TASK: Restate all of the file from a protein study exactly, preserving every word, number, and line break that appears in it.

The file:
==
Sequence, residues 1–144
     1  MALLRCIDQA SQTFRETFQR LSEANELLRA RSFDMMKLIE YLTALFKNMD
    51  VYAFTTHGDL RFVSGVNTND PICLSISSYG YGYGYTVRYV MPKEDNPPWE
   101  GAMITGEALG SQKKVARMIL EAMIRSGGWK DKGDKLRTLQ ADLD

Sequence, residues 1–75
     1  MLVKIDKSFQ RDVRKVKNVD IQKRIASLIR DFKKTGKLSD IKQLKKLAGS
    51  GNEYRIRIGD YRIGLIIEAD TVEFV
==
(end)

Sequence, residues 1–144
     1  MALLRCIDQA SQTFRETFQR LSEANELLRA RSFDMMKLIE YLTALFKNMD
    51  VYAFTTHGDL RFVSGVNTND PICLSISSYG YGYGYTVRYV MPKEDNPPWE
   101  GAMITGEALG SQKKVARMIL EAMIRSGGWK DKGDKLRTLQ ADLD

Sequence, residues 1–75
     1  MLVKIDKSFQ RDVRKVKNVD IQKRIASLIR DFKKTGKLSD IKQLKKLAGS
    51  GNEYRIRIGD YRIGLIIEAD TVEFV